Melbourne journeyed to Footscray for the final home and away round of 1987. It is still a round remembered for going right down to the wire in relation to finals spots, and had Melbourne lost, it would have been club legend Robert Flower’s final game. As it turned out, the Dees got up, yet the cheersquad should be commended for it’s forward planning. What they should not be commended for however is the appalling bald spot they bestowed upon their club legend. Whilst not blessed with lustrous locks, he certainly didn’t take to the field with a bizarre looking combover.
Another cheersquad to have had a ‘seniors’ moment was that of St.Kilda. Obviously taken with the Olympic games of 1984, this banner gives us a rather inflated view of the footballing world as we know it.
With so many more banners to show you than can fit in this post, I will now show you a few more of my favourites. The first one is obvious. It’s my club. But there’s a distinct Melbourne verses Sydney theme happening here also.
The photograph below strikes me on a number of levels. Firstly, as Pete Motley was a Carlton player tragically injured in a car accident which ended his playing career, to see an opposition club devote one side of their banner is touching. Secondly, in the background we see the rest of the North cheersquad sitting and the darkened second tier of the old souther stand. I loved it up there.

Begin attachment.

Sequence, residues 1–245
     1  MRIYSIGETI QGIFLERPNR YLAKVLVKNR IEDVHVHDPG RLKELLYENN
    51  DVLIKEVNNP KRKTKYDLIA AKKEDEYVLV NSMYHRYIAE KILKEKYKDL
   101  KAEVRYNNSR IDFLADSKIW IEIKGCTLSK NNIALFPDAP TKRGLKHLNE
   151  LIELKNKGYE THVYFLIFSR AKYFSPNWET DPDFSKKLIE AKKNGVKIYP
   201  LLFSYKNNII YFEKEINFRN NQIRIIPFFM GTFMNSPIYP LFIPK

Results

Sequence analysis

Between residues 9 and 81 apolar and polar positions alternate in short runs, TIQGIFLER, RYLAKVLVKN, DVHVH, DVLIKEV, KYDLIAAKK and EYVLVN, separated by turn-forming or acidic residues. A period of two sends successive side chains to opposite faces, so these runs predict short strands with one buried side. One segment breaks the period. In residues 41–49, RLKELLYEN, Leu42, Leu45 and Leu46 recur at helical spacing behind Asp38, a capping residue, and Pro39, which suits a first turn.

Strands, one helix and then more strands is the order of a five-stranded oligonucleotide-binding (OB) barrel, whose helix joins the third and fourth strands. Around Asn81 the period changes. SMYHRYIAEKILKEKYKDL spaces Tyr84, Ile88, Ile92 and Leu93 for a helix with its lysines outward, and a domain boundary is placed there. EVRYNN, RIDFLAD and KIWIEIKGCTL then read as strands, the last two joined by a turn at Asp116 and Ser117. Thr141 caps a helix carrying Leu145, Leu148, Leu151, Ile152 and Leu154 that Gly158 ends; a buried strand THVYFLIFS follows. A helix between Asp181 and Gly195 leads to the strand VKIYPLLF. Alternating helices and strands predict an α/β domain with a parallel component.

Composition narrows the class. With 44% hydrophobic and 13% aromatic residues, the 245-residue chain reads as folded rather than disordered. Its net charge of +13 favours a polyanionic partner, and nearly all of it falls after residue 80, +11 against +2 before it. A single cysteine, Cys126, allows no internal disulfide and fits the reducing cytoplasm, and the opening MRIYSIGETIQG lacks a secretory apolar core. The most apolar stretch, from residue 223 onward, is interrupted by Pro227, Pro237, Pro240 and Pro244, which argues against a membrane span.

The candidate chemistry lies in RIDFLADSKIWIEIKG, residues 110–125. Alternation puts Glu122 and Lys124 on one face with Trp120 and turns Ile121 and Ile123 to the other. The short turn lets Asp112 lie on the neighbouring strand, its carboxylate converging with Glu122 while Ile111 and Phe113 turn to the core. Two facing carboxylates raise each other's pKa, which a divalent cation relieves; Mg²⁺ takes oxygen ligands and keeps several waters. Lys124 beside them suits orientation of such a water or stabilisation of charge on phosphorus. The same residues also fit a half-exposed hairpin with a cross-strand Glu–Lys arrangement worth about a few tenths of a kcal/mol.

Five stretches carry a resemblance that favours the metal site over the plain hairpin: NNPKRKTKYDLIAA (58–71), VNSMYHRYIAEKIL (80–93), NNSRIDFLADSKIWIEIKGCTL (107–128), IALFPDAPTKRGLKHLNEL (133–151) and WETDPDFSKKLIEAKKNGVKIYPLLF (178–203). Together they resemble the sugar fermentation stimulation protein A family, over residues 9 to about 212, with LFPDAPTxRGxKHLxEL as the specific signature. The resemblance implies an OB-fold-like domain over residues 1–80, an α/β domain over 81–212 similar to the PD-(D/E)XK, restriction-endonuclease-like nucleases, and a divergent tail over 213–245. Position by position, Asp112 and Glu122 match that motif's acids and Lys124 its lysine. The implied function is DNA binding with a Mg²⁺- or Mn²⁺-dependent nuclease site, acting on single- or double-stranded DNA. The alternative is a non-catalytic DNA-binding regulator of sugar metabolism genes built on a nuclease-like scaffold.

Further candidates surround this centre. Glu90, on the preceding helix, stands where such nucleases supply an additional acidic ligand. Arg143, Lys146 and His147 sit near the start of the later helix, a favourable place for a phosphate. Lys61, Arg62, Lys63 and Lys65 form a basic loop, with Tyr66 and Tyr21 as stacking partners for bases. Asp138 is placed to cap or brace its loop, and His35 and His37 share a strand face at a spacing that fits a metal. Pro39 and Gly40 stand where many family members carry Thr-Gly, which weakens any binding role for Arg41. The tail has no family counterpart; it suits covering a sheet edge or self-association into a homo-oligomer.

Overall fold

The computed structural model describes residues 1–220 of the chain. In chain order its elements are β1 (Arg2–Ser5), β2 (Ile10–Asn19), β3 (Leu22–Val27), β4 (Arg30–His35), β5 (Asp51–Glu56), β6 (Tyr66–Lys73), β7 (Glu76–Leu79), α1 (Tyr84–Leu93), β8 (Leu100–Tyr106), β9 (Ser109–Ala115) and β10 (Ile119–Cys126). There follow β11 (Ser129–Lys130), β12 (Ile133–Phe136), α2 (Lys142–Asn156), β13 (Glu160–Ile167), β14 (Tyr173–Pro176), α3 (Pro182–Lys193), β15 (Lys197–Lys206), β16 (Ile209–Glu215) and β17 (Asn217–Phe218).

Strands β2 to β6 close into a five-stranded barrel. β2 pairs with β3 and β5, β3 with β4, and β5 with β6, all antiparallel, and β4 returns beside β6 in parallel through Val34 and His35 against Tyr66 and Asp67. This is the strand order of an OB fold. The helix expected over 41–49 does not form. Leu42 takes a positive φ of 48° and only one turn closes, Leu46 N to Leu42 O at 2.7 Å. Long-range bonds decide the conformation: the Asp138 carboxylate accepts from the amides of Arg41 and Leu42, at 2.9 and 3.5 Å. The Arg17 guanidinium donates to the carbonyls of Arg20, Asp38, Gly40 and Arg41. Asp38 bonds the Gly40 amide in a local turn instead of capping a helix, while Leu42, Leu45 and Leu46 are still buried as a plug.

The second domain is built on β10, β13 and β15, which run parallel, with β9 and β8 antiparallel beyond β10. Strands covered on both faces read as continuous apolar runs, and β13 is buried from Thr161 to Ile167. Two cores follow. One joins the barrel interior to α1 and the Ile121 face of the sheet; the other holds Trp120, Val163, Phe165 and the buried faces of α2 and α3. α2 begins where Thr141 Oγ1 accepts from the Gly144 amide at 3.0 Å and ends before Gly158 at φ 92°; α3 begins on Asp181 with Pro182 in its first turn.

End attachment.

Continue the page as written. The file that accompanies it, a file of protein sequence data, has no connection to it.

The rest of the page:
Finally I will leave you with this… two bald blokes who both coached Richmond. Allan Jeans & KB, struggling through ‘that’ banner!
Fantastic post John. Love the old no-holes-barred banners before size restrictions and club approvals (eg ‘Moore Filth’ when Peter Moore played against Coll for the first time). I remember when I was 4-6 yrs, before I started going regularly, the 2 questions I’d always ask my older brothers as soon as they got home from the game were ‘did we win the little league and what was on the banner?’. The only things I couldn’t glean from the Captain & the Major on the wireless.
I think the Hawthorn run through banner “Welcome to your nightmare” would have been far more effective if Footscray had been forced to run through it. No doubt the Hawthorn cheer squad would have preferred the Doggies to run onto the ground first to see the banner in all its intimidating glory. (Davo)